“Countries are not bound to comply (with ICJ verdicts) because there are certain precedents in which many countries have not complied with ICJ orders,” said Muhammad Majid Bashir, a legal expert who has also served as a judge.
International law expert Taimur Malik told Arab News that both sides have attached “unnecessary expectations and emotions” to the outcome of the case.
He highlighted that the “case is focused solely on granting consular access to Jadhav and the ICJ will not be deciding anything regarding his sentencing in Pakistan.”
Malik added that the ICJ’s main concern would be deciding whether the dispute should be decided on a bilateral basis pursuant to the Consular Agreement of 2008 between India and Pakistan, and whether the Vienna Convention on Consular Relations applies to someone arrested for involvement in espionage or terrorist activities.


Taliban says its fighters will join Afghan security forces after US troops leave

Updated 23 July 2019
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Taliban says its fighters will join Afghan security forces after US troops leave

  • Taliban spokesman Suhail Shaheen says Taliban will be part of any future government in Kabul
  • Possibility of a peace deal in the next month, even before Eid on August 11, Shaheen says

ISLAMABAD: Taliban political spokesman Suhail Shaheen said on Tuesday thousands of Taliban fighters would become part of the Afghan army and other security forces after US and other foreign troops left Afghanistan following a peace deal with the United States. 
The United States and the Taliban are close to an agreement to end an 18-year-long Afghan civil war. The deal is expected to be centered on a US pledge to withdraw troops in exchange for a Taliban promise not to let Afghanistan be used as a base for terrorism, officials say.
US Special Representative for Afghanistan Reconciliation Zalmay Khalilzad will travel to Afghanistan and Qatar from July 22 – August 1 to restart talks with the Taliban in Doha.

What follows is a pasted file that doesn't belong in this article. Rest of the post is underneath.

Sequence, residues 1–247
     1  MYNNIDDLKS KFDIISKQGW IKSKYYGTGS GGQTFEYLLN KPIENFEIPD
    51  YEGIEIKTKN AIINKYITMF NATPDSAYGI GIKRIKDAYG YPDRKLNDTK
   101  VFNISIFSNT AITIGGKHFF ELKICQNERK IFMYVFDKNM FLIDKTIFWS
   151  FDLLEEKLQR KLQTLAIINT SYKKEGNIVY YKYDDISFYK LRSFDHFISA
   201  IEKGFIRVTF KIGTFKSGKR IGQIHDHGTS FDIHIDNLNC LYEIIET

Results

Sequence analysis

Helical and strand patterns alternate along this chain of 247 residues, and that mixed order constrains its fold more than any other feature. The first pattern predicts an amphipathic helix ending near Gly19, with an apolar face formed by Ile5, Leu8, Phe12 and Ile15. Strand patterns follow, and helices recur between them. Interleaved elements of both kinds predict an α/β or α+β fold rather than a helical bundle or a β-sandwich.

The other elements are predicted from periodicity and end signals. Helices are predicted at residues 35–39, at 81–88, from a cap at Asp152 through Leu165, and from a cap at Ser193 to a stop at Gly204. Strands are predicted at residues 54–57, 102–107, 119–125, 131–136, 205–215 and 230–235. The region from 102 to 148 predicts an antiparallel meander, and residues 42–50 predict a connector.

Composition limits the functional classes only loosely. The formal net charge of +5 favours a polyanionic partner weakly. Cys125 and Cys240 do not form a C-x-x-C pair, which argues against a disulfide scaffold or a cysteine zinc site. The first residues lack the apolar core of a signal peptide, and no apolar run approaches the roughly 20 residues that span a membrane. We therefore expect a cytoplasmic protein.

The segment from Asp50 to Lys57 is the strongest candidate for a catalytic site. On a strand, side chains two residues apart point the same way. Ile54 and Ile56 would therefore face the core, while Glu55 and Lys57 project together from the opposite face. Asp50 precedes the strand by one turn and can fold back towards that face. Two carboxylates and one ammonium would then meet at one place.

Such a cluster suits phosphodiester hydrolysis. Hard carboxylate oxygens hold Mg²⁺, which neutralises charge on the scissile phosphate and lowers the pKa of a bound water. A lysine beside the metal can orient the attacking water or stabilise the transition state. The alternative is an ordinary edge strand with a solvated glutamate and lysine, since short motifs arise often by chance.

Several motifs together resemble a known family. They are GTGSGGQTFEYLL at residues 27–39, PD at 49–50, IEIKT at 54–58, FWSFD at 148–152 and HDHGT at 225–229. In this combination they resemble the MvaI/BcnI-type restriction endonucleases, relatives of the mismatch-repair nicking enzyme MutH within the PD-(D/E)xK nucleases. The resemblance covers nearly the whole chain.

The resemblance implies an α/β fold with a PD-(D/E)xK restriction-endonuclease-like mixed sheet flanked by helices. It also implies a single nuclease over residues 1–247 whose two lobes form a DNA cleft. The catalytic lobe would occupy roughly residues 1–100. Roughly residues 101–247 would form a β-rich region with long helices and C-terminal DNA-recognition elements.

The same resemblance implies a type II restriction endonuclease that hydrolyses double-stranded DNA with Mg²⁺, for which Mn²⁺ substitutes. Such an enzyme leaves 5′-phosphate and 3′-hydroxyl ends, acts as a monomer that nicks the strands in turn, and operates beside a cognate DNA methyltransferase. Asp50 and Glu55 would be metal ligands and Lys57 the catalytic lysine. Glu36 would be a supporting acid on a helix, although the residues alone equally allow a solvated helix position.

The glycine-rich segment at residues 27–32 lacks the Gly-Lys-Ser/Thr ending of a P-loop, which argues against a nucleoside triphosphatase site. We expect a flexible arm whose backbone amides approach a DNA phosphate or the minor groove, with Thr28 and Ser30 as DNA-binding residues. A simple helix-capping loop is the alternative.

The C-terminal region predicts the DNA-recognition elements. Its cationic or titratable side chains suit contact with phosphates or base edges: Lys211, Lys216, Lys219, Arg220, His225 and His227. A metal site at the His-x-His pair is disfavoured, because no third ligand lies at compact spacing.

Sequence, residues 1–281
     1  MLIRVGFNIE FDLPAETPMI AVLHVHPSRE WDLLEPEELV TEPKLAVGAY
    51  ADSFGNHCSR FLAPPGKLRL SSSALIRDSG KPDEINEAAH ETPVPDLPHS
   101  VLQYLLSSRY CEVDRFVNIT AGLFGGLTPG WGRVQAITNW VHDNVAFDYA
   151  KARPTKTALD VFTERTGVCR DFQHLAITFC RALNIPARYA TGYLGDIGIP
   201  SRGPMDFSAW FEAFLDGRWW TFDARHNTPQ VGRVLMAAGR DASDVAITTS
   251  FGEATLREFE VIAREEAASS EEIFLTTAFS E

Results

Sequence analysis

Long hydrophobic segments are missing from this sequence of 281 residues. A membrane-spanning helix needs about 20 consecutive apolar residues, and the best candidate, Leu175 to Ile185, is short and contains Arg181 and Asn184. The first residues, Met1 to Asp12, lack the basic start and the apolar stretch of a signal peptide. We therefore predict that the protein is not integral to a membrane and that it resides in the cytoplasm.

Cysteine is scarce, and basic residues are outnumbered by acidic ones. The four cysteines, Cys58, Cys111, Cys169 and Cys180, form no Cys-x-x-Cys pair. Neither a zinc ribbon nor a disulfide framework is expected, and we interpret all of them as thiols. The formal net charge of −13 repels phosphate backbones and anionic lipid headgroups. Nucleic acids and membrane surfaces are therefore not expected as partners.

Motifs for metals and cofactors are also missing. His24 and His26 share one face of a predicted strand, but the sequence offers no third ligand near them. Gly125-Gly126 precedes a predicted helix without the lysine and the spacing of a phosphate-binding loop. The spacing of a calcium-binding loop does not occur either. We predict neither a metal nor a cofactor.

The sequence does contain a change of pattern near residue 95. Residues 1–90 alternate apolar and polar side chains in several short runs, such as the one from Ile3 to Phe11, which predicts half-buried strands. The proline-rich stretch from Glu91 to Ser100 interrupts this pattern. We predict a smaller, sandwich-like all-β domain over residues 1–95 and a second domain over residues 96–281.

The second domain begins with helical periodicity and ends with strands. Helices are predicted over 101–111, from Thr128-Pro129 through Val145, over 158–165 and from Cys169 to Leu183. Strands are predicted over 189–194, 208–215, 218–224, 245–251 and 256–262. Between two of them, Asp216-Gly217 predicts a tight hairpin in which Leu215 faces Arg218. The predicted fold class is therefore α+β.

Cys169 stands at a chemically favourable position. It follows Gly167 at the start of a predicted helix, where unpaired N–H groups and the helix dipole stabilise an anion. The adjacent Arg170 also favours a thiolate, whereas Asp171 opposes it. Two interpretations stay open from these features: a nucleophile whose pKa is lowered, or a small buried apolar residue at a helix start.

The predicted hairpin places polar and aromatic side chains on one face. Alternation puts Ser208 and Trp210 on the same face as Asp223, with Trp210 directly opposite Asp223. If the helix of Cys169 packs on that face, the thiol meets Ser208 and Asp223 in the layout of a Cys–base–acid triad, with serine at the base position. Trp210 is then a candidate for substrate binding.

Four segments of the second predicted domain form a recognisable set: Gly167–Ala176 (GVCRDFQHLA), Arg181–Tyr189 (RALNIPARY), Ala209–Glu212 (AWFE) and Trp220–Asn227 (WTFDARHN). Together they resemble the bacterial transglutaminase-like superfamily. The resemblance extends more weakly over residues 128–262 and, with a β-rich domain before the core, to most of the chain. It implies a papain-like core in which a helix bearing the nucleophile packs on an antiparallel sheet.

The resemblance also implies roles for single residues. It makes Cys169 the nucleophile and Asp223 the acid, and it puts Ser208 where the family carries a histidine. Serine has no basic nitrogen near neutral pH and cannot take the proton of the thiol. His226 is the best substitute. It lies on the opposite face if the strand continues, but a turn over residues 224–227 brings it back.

“We have agreed that the army will stay as an institution,” the Taliban spokesman told Arab News via telephone when asked about the fate of thousands of Taliban fighters after the peace deal. “The army is required and will remain as a base, as a foundation but reforms are needed.”
He said participants at Moscow’s intra-Afghan conference this month had also called for reforms in Afghan security institutions, adding that future intra-Afghan meetings would decide how reforms would be introduced.
“Yes of course they (Taliban) will be part of the security system. They have rendered huge sacrifices for the liberation of the country,” Shaheen said.
To another question about whether the Taliban would be part of any future political system and the government, the Taliban spokesman answered in the affirmative adding: “But they will not be the part of the present administration. There will be a new system and a new government and we will definitely be part of that.”
When asked if the Taliban could become a political party when foreign troops withdrew, Shaheen said: “Our leadership will decide about the future policy. Our top priority is to end the occupation and second, to establish an Islamic government and we will take Afghans into confidence. Our leaders will decide as to how would we work.”
He said the Taliban would allow women the right to education, jobs and business under Islamic principles, adding that they would have to observe the Islamic veil.
“There had been no curbs on women education during our previous government. But we had been in the state of war that time and had no financial resources and the priority had been to maintain security as there had been anarchy and chaotic situation that time. But we want the world to help us and we will establish good relations with the world and to solve all our problems under an Islamic system,” Shaheen said.
He said the Taliban neither recognized the present system in Kabul nor the constitution in its present form.
“We recognize the constitution as a necessity and want another constitution,” Shaheen said. “We think other institutions are also necessary but we do not recognize the present institutions and that is why we are holding intra-Afghan conferences to discuss how the constitution and institutions should be.”
When asked if the Taliban recognized the present democratic system, Shaheen said: “We believe in an Islamic system.” 
He said there was a possibility the Taliban and the United Sates could “conclude certain final points” in the possible peace deal within a month and even before the Muslim festival of Eid, likely to be celebrated in Afghanistan on Aug. 11.
“I am hopeful we will reach an agreement before Eid,” he said.
To a question about US Secretary of State Mike Pompeo’s statement that he hoped to have a peace deal by September 1, Shaheen said he was hopeful an agreement could materialize even before that as “we want to end bloodshed and destruction in our country.”
“The ball is in their (US) court,” Shaheen said. “They should come up with a reasonable offer.”